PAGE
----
BP to invest US$25 million in pilot to chemically recover unrecyclable PET
Global oil and gas major BP has developed an enhanced recycling technology, BP Infinia, that enables currently unrecyclable polyethylene terephthalate (PET) plastic waste to be diverted from landfill or incineration and instead transformed back into new, virgin-quality feedstocks. The company plans to construct a US$25 million pilot plant in the United States (US) to prove the technology, before progressing to full-scale commercialization.
According to Wood MacKenzie Chemicals Data, polyethylene terephthalate (PET) is the most commonly used plastic for beverage and rigid food packaging. Around 27 million tonnes of PET a year are used in these applications globally, with the majority – around 23 million tonnes – used in bottles.
We see our Infinia technology as a game-changer for the recycling of PET plastics. It is an important stepping stone in enabling a stronger circular economy in the polyester industry and helping to reduce unmanaged plastic waste, said Tufan Erginbilgic, Chief Executive, BP Downstream.
Targeting difficult-to-recycle PET
Although PET is one of the most widely recycled types of plastic, BP estimates that less than 60 percent of the PET used for bottles is collected for recycling and only 6 percent of the total makes it back into new bottles. The rest is either ‘downcycled’, where products are recycled and reused once before turning into waste, or destined for landfill and incineration.
BP Infinia technology is designed to turn difficult-to-recycle PET plastic waste – such as black food trays and coloured bottles – into recycled feedstocks that are interchangeable with those made from traditional hydrocarbon sources.
BP’s enhanced recycling technology involves chemically converting complex PET plastic waste back to original monomer feedstocks through a depolymerization process.
The technology also aims to purify these ‘building blocks’ monomers into recycled purified terephthalic acid (rPTA) and recycled monoethylene glycol (rMEG) which would then be interchangeable with those produced from traditional hydrocarbon feedstocks.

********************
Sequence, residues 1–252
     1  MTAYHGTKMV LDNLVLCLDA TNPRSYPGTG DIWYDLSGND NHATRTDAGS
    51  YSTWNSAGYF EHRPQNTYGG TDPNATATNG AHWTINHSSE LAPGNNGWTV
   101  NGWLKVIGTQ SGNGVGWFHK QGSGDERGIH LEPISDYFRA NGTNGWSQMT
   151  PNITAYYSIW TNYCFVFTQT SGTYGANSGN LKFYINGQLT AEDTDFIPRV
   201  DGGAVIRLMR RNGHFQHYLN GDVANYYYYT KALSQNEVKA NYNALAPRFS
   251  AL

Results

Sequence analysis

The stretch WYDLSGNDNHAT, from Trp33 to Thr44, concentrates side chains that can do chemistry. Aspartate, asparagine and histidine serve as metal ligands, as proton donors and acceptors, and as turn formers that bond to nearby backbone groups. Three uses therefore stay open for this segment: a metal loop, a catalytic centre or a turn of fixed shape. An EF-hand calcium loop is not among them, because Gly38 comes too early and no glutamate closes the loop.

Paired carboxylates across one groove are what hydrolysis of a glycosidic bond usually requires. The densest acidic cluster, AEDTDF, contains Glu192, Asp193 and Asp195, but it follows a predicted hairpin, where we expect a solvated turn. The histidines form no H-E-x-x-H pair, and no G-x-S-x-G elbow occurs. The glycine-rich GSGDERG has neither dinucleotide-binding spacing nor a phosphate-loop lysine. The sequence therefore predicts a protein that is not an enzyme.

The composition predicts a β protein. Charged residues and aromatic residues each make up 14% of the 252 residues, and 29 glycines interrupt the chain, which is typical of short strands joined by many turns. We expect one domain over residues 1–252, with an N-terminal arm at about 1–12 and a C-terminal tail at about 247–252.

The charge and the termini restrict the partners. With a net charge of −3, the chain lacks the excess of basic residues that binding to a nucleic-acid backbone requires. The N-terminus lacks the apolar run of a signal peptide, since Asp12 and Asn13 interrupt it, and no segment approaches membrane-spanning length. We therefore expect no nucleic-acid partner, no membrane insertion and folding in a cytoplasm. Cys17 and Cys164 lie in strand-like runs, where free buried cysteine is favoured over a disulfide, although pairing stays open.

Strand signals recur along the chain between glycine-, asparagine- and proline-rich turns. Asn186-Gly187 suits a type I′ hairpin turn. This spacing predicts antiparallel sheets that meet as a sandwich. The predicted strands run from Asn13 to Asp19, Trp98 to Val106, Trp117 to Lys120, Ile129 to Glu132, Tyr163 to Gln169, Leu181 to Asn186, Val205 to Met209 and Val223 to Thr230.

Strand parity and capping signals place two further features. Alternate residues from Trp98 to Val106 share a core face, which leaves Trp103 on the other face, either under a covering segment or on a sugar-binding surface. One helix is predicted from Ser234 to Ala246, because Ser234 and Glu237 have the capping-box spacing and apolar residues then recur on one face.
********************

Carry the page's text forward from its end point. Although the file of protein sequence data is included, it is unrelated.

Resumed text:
These recycled feedstocks can then be used to make new PET packaging that may be recycled again and again or be used to manufacture high-performance polyester for packaging, clothing and industrial fibre products and applications. This could reduce the need for downcycling and divert plastic waste from landfills and incineration.
BP is committed to fully developing and commercializing this technology. We have long experience and a proven track record of scaling technology and we firmly believe that this innovation can ultimately contribute to making all types of polyester waste infinitely recyclable, said Charles Damianides, Vice President of Petrochemicals Technology, Licensing and Business Development.
Pilot plant planned for Illinois
BP’s new pilot plant is planned to be located at its research and development hub in Naperville, Illinois. It is expected to be operational in late 2020 to prove the technology on a continuous basis.
BP sees the potential to develop multiple full-scale commercial plants using this technology around the world. If deployed at scale in a number of facilities, BP estimates that the technology has the potential to prevent billions of PET bottles and trays from ending up in landfill or incineration every year